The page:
In 1919, Czechoslovakia established the Land Control Act.   The purpose of the Land Act was to reallocate wealth in the new country by expropriating it from the rich and the nobility such as the Andels. My great, great grandfather and his family lost nearly everything – their property in Dolny Kubin was handed over to the government, and they were left with but a small sum of money as compensation.  When the communists came into power, they built hideous apartment buildings on the property, eyesores to this day.  All that I know of that is left today of the Andel family’s fortune is a pair of black emerald earrings and a necklace, handed down to daughter-in-law Pauline, and then later to her daughter Lily.

Andel Bull – Black with Gold Horns and Hooves

And so goes the story of our extended family. Sacrifices are made, fortunes are inherited or earned, and then lost either through poor management or more often, expropriated by the government, dishonest business partners or greedy investors. The Andel family misfortune has repeated itself over and over in the past 100 years, across generations and continents.

5 Comments leave one →
  1. Daniela permalink
    February 23, 2010 5:00 pm

    Hello , Marisa is buried in Novi Sad , on cemetery, she died in hospital in Novi Sad. Michal was in school in Dolný Kubin , when he met Marisa. After that he was in army school for reserve officers, and during the WWI he was stationed in Timisoara, Romania. In the same school was my grandmother Karolina, Michal younger sister. The school is Viššia obchodna škola, I dont known how to translate. Michal was family friend with slovak writer and poet Pavel Országh Hviezdoslav , who was living in that time in Dolný Kubin.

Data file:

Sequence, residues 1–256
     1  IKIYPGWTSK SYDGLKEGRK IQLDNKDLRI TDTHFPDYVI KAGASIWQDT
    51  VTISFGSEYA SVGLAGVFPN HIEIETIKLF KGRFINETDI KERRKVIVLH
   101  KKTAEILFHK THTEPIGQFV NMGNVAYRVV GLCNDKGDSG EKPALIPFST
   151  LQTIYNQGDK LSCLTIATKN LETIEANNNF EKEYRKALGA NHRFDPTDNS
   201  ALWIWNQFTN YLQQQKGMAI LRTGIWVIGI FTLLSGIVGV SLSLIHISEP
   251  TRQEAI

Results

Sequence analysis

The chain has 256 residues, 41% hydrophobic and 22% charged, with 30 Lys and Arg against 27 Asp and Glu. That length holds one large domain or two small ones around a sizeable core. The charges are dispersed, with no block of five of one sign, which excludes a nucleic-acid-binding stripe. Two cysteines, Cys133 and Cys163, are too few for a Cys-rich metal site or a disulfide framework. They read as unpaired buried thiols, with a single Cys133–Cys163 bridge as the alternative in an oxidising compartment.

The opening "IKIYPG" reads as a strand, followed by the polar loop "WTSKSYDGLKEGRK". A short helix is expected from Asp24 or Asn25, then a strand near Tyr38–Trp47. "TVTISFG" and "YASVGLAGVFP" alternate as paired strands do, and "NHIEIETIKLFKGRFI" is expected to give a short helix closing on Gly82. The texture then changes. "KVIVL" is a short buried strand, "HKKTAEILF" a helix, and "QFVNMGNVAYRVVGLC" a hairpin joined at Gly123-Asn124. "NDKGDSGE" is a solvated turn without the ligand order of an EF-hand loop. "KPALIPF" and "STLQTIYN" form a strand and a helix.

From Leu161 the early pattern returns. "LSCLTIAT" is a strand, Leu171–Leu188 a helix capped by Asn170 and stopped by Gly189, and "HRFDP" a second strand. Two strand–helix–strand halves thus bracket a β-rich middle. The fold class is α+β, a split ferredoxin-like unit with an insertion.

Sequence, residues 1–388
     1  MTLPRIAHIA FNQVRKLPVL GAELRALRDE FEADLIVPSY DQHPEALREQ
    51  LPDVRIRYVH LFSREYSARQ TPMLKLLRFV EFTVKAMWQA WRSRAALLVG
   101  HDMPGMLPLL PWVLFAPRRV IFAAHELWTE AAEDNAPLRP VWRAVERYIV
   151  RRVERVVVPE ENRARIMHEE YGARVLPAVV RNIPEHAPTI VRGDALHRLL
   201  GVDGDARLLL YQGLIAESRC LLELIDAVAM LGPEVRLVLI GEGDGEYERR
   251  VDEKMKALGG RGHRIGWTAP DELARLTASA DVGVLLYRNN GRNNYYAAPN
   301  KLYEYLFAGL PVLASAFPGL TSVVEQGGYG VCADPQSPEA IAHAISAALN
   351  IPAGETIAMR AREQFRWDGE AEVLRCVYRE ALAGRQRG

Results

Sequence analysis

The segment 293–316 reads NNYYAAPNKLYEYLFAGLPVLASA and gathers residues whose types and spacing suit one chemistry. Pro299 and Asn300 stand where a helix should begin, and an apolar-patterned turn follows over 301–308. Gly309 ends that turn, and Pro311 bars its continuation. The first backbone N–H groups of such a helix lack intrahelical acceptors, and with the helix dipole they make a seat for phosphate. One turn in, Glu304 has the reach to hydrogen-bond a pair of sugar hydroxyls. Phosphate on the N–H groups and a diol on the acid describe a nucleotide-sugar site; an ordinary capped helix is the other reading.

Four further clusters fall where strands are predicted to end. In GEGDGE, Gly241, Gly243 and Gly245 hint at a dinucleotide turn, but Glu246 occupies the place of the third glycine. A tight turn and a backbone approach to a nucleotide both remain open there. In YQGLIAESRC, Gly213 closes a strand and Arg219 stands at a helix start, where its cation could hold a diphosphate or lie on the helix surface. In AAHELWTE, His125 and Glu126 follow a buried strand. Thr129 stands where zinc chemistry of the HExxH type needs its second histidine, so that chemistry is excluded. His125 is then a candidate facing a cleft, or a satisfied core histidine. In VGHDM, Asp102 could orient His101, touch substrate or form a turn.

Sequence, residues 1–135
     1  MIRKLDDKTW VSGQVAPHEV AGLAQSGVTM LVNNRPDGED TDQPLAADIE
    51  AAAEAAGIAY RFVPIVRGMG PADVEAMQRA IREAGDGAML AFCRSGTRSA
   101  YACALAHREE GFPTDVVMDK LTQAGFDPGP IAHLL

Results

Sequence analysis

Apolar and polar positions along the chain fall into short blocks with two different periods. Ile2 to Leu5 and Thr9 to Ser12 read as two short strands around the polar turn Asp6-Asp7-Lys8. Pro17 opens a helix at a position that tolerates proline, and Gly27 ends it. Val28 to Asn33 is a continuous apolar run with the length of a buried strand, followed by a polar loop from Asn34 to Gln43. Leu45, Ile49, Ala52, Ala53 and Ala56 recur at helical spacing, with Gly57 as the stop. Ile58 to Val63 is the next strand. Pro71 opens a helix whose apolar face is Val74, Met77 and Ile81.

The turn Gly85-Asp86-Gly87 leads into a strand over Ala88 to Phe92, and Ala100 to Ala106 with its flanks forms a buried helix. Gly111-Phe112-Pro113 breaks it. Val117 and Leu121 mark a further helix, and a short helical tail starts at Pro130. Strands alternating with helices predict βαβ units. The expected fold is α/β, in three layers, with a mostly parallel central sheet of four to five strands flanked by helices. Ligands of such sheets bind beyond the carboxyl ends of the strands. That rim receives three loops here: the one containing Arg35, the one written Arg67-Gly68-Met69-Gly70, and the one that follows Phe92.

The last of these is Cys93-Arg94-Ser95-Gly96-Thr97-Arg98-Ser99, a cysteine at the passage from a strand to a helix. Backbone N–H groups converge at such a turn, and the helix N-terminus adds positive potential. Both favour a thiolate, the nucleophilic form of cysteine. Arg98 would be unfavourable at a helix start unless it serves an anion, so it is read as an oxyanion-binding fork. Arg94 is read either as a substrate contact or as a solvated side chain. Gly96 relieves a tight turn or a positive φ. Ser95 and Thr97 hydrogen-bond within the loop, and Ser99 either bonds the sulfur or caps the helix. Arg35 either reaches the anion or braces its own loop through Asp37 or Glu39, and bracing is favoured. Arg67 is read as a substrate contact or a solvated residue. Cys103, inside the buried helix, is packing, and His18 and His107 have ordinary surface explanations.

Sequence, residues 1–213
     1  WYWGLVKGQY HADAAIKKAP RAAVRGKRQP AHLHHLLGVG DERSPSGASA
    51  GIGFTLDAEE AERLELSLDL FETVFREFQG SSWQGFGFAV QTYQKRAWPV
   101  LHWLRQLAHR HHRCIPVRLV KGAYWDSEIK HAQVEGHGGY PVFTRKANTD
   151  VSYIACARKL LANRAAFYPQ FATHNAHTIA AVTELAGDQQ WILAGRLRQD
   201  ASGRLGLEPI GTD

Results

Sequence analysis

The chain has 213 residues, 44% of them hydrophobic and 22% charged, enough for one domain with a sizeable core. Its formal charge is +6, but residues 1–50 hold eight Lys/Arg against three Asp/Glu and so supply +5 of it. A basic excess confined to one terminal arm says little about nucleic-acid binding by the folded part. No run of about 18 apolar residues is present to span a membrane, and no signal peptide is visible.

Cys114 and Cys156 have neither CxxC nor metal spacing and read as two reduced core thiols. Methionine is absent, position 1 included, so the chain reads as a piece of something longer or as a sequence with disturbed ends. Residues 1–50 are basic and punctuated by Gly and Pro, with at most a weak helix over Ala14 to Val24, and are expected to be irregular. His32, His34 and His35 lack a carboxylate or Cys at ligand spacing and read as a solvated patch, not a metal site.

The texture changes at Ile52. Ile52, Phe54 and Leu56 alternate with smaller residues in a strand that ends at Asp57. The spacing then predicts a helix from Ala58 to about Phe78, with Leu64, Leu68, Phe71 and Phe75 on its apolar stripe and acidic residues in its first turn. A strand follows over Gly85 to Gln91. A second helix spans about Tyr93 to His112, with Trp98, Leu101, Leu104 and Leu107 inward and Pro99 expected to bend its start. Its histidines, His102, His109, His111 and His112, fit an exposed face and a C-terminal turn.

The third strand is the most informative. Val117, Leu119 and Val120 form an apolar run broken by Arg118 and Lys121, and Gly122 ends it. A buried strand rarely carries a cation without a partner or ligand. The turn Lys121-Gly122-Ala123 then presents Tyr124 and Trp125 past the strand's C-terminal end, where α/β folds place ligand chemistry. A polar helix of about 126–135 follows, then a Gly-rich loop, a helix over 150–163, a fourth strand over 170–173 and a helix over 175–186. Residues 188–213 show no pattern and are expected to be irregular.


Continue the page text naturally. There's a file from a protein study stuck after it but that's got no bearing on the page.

• February 23, 2010 5:23 pm

      Thank you – I had no idea you knew this! I will edit the blog to reflect. I have a picture of a little boy at Marisa’s grave – maybe you can tell me who it is.

  2. lina permalink
    March 1, 2010 11:03 am

    Please excuse me for bargin’ in, but “andel” is nOT a slovak word

    • March 1, 2010 1:33 pm

      You are right – the word it means is Anjel in Slovak. I have seen it spelled about several different ways – Andel, Anjeli, Anjel. According to Ancestry.Com, Andel is both a Czech and Slovak last name. I’ve traced it back to Slovak church records from over 225 years ago.

      • lina permalink
        March 7, 2010 10:55 am

        Yes, it is hard to distinguish what is written in old Slovak, or slang, local words and such, or even Czech or Moravian. Especially when Sovaks and Czechs were together as Czechoslovakia and before in Austro-Hungarian Monarchy. Anjeli is plural form for anjel. You have done such an amazing job with your research. People back then were not much educated and they wrote the words the way they sounded even if they were misspelled they knew what they meant.